Preparing for Icy Conditions

Posted by The Spotlight Houses Team on Tuesday, February 5th, 2019 at 2:38pm.

Punxsutawney Phil's initial prediction for an early spring may have gotten our hopes up a little too high.  Luckily, there are measures we can all take to try to combat this weather swing. 

1. Make sure flashlights and battery-powered radios are working, and keep extra batteries, candles and matches on hand.

2. Unplug sensitive appliances such as the TV, VCR, computer and microwave. If the power goes off, turn off all major electrical appliances.

3. Keep refrigerator and freezer doors closed. If you lose power, frozen food will generally keep for 48 hours. Discard perishable food that has been at 40 degrees for more than two hours. Odor or appearance is not an indicator that food is safe. When in doubt, throw it out. 

4. If you use an emergency-heating source such as a wood stove, kerosene heater or fireplace, keep fuels away from the flames and ventilate properly. Never leave a fire unattended.

5. Gather supplies in case you need to stay home for several days without power. Keep in mind each person’s specific needs, including medication or diapers. Do not forget the needs of pets.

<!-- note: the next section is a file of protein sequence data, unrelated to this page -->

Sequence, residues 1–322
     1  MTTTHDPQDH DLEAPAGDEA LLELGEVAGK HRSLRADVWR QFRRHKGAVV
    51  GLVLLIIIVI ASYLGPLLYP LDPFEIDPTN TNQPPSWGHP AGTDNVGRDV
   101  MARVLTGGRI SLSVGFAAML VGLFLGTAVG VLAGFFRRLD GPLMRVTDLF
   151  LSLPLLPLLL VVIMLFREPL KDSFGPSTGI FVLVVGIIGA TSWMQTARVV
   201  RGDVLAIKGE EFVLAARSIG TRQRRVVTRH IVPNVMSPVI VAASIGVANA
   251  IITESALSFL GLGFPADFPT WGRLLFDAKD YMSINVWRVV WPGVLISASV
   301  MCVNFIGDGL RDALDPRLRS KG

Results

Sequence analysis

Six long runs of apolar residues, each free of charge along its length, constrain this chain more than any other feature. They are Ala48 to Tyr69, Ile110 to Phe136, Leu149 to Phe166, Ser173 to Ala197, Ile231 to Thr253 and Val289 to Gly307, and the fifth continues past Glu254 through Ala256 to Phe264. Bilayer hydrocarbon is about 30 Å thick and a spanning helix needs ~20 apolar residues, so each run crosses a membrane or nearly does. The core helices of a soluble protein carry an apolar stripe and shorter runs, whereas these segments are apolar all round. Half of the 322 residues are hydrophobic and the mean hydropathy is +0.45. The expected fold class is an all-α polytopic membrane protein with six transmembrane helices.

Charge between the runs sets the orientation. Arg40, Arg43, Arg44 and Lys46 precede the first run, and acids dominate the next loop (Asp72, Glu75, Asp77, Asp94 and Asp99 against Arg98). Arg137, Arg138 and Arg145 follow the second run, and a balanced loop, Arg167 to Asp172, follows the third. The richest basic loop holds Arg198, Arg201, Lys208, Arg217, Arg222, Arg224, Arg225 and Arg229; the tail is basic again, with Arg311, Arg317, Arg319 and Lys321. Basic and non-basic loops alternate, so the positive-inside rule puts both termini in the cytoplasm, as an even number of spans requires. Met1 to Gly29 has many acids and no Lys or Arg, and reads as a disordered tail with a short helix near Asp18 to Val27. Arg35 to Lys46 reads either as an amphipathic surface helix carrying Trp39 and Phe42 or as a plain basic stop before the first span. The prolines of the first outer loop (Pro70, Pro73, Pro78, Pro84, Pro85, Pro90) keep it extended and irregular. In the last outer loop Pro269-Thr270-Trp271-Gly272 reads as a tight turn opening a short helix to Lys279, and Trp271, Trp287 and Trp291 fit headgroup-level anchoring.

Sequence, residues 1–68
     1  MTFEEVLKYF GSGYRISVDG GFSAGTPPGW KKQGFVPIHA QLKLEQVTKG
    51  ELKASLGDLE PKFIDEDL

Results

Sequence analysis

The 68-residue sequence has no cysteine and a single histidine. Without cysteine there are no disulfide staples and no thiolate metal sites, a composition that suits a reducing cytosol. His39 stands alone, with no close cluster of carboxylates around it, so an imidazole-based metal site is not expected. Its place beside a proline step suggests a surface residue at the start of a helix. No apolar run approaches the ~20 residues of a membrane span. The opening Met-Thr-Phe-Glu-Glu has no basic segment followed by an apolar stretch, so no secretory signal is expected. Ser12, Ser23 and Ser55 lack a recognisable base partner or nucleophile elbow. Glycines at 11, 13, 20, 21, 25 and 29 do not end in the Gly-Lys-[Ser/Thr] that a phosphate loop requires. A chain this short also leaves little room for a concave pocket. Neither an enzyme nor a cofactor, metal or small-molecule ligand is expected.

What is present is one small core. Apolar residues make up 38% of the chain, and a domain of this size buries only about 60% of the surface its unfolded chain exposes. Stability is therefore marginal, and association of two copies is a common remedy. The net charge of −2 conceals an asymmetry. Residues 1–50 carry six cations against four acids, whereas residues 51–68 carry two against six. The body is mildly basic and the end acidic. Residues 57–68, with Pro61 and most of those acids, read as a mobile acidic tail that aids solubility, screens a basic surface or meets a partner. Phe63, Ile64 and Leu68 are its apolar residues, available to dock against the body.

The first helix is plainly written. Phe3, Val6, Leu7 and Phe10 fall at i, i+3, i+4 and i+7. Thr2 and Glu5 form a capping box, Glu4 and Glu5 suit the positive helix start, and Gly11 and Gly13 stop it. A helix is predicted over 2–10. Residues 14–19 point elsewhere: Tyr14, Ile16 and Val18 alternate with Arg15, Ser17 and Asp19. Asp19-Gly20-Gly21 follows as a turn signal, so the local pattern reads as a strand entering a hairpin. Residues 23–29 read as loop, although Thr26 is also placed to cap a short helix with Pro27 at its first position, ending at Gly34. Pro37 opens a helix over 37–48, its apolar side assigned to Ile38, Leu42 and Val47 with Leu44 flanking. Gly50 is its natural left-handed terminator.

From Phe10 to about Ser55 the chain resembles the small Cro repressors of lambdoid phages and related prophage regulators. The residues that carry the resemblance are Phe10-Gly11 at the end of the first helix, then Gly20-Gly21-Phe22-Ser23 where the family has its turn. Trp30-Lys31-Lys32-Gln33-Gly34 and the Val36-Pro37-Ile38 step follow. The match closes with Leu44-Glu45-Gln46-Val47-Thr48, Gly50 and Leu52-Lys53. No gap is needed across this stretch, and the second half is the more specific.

6. Don't leave your house if you don't have to. Take icy conditions seriously and especially be aware of black ice while traveling. 

7. In the long-term, prepare your home for daming ice beforehand.  Ice dams are chunks of ice that form along the margins of your roof. While frozen, they’re no more trouble than the icicles that hang down. But during the warmer parts of a winter day, water melting off the roof pools behind the ice then seeps back up under the shingles. Sometimes water can work its way 5 or even 10 ft. back up under the shingles. Eventually, it drips through the roof into the walls, and worst of all, onto your ceilings. You’ll first see ice dam rust spots on drywall fasteners, then perhaps peeling paint, sagging drywall and stains around windows and doors. Insurance companies pay millions of dollars to thousands of homeowners annually to repair the damage. But it’s never enough to cover the time and aggravation of getting everything fixed. LEARN MORE

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